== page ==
Criminal Law

People of the Philippines vs Mary Jane Cadiente

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G.R. No. 228255 – 853 Phil. 267 – Criminal Law – Special Penal Laws – Ant-Dangerous Drugs Act – Section 21 – Presence of Mandatory Witnesses – Chain of Custody

In July 2014, Mary Jane Cadiente was allegedly subjected to a buy-bust operation in Makati. After the alleged buy-bust operation, people began to gather at the crime scene so the operatives decided to bring her to the barangay hall. But five hours passed and no barangay official appeared and so they had to move to the next barangay (Barangay Pembo) where the barangay captain there witnessed the inventory of the items allegedly seized from Cadiente.

In her defense, Cadiente said that what actually happened was that armed men barged into her house. After that, she, her husband, and their four year old daughter were forcibly taken to the police station where they were detained. After two days, her husband and their daughter were freed on the condition that they should return with P50,000.00 so that Cadiente may be freed.

Cadiente was convicted for selling illegal drugs (Sec. 5, R.A. No. 9165 or the Anti-Dangerous Drugs Act).

ISSUE: Whether or not the conviction must be overturned.

HELD: Yes. In this case, the integrity of the evidence against her is questionable.

Section 21 of RA 9165 requires that the three mandatory witnesses (DOJ representative, media representative, and an elective official) must be present during the inventory which must be IMMEDIATELY done after her arrest. In this case, the presence of the witnesses were not previously secured. In fact, the operatives had to look for an available elective official whom they found in the next barangay and only after more than five hours had already elapsed. The presence of the representatives of the DOJ and the media was not secured as no one from them appeared.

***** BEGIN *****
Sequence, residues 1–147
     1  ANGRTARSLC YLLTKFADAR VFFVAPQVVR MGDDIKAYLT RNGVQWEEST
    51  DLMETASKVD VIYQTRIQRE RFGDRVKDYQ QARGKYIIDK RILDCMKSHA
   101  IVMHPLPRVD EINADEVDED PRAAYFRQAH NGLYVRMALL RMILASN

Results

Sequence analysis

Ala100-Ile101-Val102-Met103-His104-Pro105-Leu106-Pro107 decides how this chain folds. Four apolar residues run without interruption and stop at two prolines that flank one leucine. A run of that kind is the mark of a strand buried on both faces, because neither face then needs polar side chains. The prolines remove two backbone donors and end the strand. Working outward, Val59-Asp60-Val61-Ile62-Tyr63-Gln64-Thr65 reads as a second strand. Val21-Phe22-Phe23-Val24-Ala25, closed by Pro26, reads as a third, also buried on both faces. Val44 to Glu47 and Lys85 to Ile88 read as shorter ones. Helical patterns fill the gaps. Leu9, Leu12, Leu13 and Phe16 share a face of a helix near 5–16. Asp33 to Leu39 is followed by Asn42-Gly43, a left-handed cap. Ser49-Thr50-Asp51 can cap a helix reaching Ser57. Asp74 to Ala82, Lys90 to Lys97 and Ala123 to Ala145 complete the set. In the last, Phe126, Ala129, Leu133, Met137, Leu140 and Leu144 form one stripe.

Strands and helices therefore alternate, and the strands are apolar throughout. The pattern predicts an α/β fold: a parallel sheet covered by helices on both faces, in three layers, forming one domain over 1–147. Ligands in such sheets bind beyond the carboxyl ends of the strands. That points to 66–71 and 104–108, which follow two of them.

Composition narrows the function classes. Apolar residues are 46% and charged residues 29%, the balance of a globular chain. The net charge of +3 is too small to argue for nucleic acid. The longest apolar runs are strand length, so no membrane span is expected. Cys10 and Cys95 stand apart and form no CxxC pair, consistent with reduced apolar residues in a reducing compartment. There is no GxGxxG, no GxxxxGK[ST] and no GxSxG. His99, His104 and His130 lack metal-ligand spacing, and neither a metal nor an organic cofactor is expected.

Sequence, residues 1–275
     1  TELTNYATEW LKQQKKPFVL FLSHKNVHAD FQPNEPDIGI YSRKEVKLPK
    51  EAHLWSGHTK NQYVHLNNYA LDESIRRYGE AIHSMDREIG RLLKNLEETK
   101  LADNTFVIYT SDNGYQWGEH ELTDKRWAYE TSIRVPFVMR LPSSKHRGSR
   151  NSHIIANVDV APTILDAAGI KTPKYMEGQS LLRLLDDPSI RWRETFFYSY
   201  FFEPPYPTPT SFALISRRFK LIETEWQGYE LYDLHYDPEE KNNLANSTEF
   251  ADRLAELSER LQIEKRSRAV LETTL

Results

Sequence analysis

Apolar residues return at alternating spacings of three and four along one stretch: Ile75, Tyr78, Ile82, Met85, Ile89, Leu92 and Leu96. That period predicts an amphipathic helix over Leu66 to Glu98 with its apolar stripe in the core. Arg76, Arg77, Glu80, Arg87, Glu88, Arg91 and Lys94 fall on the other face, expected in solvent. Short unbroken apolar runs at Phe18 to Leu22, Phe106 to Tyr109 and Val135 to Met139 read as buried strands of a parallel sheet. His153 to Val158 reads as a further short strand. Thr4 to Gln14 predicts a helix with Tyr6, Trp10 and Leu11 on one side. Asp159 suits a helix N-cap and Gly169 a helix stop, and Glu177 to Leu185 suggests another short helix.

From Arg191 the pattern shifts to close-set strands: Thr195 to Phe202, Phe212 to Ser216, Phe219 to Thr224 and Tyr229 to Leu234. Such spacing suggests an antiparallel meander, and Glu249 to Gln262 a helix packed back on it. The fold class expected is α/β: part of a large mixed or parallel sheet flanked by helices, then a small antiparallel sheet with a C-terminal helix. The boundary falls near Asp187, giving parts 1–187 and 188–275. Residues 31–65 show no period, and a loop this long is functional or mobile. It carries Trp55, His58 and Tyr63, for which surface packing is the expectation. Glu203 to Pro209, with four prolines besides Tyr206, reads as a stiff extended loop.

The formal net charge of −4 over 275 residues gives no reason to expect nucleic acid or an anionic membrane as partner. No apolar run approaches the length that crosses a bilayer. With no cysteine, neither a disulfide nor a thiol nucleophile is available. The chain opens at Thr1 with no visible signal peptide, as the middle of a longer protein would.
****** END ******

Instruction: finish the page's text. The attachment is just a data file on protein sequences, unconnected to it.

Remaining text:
The operatives likewise failed to explain why they failed to obtain their presence. In the absence of the representative from the media and from the DOJ during the physical inventory and the photographing of the seized shabu, the evils of switching, “planting” or contamination of the evidence create serious lingering doubts as to its integrity and evidentiary value.


(1) their attendance was impossible because the place of arrest was a remote area;

(2) their safety during the inventory and photograph of the seized drugs was threatened by an immediate retaliatory action of the accused or any person/s acting for and in his/her behalf;

(3) the elected official themselves were involved in the punishable acts sought to be apprehended;

(4) earnest efforts to secure the presence of a DOJ or media representative and an elected public official within the period required under Article 125 of the Revised Penal Code proved futile through no fault of the arresting officers, who face the threat of being charged with arbitrary detention; or

(5) time constraints and urgency of the anti-drug operations, which often rely on tips of confidential assets, prevented the law enforcers from obtaining the presence of the required witnesses even before the offenders could escape.

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